December 07, 2009
If you thought you saw some disturbing imagery in the Octagon on Saturday night, your eyes did not deceive you. In his loss to Marc Bocek, Joe Brammer wore a walk-in shirt from Hoelzer Reich, a clothing company who has come under fire for having Nazi-esque symbols on their clothing.
Brammer's shirt has iron crosses all over it, a symbol associated with the Third Reich. Hoelzer Reich has also sold shirts with the SS symbol used by Nazis during World War II and other images used by the Third Reich. Even the skulls on the shirts -- ubiquitous on MMA gear -- are carbon copies of the skulls that were on SS uniforms.
If Brammer wants to wear this shirt down Main St., he is free to do so. The First Amendment guarantees him that right. But free speech does not mean consequence-free speech. Fighters shouldn't be able to wear shirts into the Octagon (and make sponsor money from broadcasts) that promote something so hurtful and offensive.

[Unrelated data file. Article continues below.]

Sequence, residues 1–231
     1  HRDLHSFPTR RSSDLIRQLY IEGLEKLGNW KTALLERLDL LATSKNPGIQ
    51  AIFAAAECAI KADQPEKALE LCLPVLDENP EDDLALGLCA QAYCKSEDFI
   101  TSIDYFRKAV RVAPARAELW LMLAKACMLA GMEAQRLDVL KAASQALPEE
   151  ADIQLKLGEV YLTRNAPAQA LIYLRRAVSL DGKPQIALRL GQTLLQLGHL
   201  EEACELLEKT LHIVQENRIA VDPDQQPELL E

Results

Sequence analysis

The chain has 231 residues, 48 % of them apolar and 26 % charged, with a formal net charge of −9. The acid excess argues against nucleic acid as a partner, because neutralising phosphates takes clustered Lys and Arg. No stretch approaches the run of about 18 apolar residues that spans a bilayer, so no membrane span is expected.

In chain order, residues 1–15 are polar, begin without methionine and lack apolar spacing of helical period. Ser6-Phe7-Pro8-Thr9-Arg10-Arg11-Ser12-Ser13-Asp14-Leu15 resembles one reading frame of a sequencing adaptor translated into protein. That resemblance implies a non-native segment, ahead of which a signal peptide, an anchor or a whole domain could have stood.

Hoelzer Reich's defenders -- including Strikeforce fighter Lyle "Fancypants" Beerbohm -- say that the clothing only promotes German-American pride, and as a German-American, that offends me more than anything. I am proud to be German, and live in a traditionally German area of Chicago. We are all able to show our pride in Deutschland without paying homage to such a dark part of history.
The UFC has banned clothing from the Octagon because of squabbles with clothing companies, or because of contract disputes with fighters. They need to take a stand on this, and not allow Hoelzer Reich clothing on a UFC or WEC fighter.
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